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Worldview Security Update – January 24, 2020


Puerto Rico (Security threat level – 2): At approximately 2200 local time on 23 January 2020 (0200 UTC on 24 January), police officers deployed tear gas to disperse a group of demonstrators near La Fortaleza — the governor’s mansion — in the Old San Juan district of the capital San Juan. The demonstrators had been marching toward La Fortaleza to demand the governor’s resignation. Late in the evening, when authorities demanded that protesters leave the area, clashes broke out between demonstrators and police officers. Demonstrators threw rocks at police officers, who responded by deploying tear gas and firing rubber bullets to disperse the crowd.

The protests ensued after residents on 19 January found two warehouses full of undistributed disaster relief supplies dating back to hurricanes Irma and Maria in 2017. Frustrations over the discovery of the unused supplies are heightened, as Puerto Ricans on the southern side of the island have experienced a series of earthquakes in recent weeks that have caused an estimated 200 million U.S. dollars in damage, forced people into shelters and left many in need of disaster relief supplies.


China / Japan / Singapore / South Korea / Taiwan / Thailand / Vietnam (Security threat levels – 3 / 1 / 1 / 2 / 1 / 3 / 3): On 24 January 2020, Chinese health officials confirmed at least 881 cases of the 2019 novel coronavirus (2019-nCoV) and 26 deaths resulting from the virus. Chinese authorities are placing additional cities in quarantine to restrict movement in and out of 12 cities in Hubei province — including Chibi, Ezhou, Huanggang, Huangshi, Jingmen, Qianjian, Wuhan, Xiantao, Xianning and Zhijang. Additionally, authorities have suspended transportation services in Jingzhou, located in southern Hubei province. The total population under transportation restriction is now approximately 35 million people. Chinese authorities have not provided details on the expected duration of these restrictions.

Shanghai and Beijing have both activated the highest level of response for public health emergencies. Authorities in Beijing have closed the Forbidden City and canceled all major public events — including temple fairs that are traditional Lunar New Year celebrations. Many museums and cultural centers are closed across Beijing. All large-scale activities in Guizhou province are canceled for 24 January. Authorities in Macao — which has two confirmed cases of coronavirus — are considering closing the territory’s approximately 40 casinos. Also, Shanghai Disney is closed, given concerns related to coronavirus. The city of Huaihua in Hunan province has banned all large public gatherings.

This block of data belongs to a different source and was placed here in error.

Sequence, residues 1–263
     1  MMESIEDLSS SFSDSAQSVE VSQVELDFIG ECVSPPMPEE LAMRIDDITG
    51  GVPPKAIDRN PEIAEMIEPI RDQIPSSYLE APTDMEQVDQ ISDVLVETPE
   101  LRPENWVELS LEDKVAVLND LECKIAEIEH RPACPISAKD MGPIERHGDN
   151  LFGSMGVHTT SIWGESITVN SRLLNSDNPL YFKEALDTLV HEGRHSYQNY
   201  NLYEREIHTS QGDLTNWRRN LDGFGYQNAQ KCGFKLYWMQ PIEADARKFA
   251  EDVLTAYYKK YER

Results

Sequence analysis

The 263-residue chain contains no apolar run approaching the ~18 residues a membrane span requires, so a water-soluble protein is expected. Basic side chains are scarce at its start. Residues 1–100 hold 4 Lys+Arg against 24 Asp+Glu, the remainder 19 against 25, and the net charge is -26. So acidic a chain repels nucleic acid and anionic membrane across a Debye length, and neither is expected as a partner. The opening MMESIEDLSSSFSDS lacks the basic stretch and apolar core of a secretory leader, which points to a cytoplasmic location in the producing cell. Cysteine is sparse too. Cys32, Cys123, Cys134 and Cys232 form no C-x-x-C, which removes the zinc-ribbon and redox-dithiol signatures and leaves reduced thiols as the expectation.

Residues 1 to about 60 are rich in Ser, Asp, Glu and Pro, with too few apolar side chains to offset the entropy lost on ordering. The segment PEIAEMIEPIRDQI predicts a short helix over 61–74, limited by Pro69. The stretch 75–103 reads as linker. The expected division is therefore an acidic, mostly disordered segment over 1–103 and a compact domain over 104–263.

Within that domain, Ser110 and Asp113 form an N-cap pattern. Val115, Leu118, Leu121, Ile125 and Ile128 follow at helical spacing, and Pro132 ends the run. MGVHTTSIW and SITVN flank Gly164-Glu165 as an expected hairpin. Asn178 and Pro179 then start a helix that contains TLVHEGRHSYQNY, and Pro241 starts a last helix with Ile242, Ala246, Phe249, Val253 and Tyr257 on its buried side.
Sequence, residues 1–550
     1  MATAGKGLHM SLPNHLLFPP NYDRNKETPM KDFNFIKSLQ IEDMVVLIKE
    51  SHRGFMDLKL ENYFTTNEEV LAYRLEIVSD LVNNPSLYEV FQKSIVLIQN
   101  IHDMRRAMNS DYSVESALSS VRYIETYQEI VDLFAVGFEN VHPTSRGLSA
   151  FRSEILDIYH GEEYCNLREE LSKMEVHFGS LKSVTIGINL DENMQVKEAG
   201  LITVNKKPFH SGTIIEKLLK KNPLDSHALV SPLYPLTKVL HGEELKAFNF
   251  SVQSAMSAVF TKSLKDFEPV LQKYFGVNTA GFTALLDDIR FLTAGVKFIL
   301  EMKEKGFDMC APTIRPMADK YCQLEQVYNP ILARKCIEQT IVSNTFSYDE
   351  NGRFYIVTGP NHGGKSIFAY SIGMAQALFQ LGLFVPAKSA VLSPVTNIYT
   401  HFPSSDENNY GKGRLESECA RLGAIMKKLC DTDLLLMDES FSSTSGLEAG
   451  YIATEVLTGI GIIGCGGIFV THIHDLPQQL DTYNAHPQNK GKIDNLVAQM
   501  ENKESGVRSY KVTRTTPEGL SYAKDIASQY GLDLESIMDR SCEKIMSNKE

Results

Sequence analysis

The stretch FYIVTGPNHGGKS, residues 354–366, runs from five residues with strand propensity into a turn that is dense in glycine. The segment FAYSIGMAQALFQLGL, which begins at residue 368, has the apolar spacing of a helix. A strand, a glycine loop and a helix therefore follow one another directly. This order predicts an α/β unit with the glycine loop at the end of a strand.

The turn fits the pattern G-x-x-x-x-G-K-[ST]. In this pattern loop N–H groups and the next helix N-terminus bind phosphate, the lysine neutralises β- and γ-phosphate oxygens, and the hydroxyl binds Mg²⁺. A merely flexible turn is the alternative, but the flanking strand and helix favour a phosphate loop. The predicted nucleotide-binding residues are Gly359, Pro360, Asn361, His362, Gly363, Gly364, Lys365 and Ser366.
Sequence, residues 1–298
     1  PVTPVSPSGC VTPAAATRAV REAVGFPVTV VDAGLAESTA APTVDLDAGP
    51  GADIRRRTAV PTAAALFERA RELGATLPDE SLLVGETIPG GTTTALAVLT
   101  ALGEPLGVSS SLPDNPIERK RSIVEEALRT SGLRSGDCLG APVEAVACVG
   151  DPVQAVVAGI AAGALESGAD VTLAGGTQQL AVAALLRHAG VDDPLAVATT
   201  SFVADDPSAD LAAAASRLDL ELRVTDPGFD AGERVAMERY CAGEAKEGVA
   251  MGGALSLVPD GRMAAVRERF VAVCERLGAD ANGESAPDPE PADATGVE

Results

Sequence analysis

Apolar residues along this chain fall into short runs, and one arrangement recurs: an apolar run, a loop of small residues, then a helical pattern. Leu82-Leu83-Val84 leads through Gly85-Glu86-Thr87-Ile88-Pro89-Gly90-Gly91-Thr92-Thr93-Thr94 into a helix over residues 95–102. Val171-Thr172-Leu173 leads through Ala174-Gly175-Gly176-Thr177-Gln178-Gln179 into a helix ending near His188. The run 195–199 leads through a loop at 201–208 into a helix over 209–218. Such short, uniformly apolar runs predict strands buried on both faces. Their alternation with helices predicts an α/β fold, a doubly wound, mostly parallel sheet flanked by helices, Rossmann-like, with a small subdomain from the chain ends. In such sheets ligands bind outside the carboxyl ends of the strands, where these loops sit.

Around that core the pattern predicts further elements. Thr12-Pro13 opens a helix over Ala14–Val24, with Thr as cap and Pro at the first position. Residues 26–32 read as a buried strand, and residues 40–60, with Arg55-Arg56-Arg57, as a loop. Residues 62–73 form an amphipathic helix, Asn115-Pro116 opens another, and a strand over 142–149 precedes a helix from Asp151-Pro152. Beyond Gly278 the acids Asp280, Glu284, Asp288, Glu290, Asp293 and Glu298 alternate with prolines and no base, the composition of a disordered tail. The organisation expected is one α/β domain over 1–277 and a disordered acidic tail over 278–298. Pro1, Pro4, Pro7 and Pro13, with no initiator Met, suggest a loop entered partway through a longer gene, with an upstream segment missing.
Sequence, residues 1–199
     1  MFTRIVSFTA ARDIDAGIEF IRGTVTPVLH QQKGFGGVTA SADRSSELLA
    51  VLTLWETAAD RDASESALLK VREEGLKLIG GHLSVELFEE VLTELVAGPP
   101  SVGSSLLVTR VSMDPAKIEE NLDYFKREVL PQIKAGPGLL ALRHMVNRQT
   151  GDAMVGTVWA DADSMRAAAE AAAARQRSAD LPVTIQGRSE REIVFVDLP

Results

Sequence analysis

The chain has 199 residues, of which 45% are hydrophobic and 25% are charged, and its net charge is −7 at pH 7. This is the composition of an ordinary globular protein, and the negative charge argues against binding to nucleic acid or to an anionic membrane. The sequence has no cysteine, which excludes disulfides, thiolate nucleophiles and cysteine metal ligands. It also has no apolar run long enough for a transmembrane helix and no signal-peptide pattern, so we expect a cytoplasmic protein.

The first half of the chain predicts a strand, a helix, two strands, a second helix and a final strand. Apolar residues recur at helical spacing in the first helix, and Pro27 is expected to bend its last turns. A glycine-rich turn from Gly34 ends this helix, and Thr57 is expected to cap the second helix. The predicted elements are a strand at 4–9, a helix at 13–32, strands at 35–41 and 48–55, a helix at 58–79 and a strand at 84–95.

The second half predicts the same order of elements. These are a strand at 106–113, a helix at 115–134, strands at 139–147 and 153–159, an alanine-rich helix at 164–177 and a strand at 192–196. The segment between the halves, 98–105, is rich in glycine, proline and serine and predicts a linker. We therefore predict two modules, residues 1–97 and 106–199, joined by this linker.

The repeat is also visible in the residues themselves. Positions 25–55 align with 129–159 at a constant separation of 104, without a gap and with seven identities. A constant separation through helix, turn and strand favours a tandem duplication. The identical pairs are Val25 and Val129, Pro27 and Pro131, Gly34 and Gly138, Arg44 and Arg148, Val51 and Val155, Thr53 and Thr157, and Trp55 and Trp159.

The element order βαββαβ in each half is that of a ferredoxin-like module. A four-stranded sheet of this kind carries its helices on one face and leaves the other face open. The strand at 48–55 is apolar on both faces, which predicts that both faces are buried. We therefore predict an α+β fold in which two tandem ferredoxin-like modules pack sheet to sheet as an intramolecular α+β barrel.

Health authorities have reported confirmed cases of the virus in Hong Kong, Japan, Macao, Singapore, South Korea, Taiwan, Thailand, the U.S. and Vietnam. Additionally, airlines in South Korea and Japan have halted outbound flights to Wuhan Tianhe International Airport (ZHHH/WUH). Taiwanese authorities have announced that they will deny entry to anyone originating from Wuhan province.

Following its meeting on 23 January 2020, the World Health Organization (WHO) did not declare a Public Health Emergency of International Concern (PHEIC). WHO officials stated that following deliberations, it was decided to consider the 2019 novel coronavirus outbreak to be an internal matter of China due to the limited number of cases outside the country. However, the WHO added that it plans to meet again within 10 days, and will continue to monitor the situation and coordinate with Chinese officials, as well as relevant international bodies to combat the outbreak.


France (Security threat level – 3): Union-organized demonstrations against a proposed pension reform will take place across the country throughout 24 January 2020. Thousands of people are expected to participate in the demonstrations nationwide, but the turnout is unlikely to reach the hundreds of thousands, as was the case with previous demonstrations. The largest demonstration is currently ongoing in Paris, where protesters have gathered at Place de la République and plan to march to Place de la Concorde. Demonstrations also took place in the cities of Bordeaux, Le Havre, Lille, Lyon, Marseille, Nantes, Nice, Rennes, Strasbourg and Toulouse. Authorities have implemented heightened security measures in Paris due to the increased risk of violence perpetrated by “black bloc” protesters, including closing down shops along protest routes until the evening hours, conducting precautionary checks on people and increasing police officer presence along protest routes. Travelers in France should avoid all areas where large gatherings are taking place due to the probability of violence breaking out at ongoing protests.

Additionally, union leaders called for a “black day” to shut down most public transportation in the country. While services such as the Paris Metro and the Réseau Express Régional (RER) have experienced some delays, most services are running normally. Officials stated that approximately 70% of all trains are operational, but services on the Eurostar and long-distance TGV trains are running normally.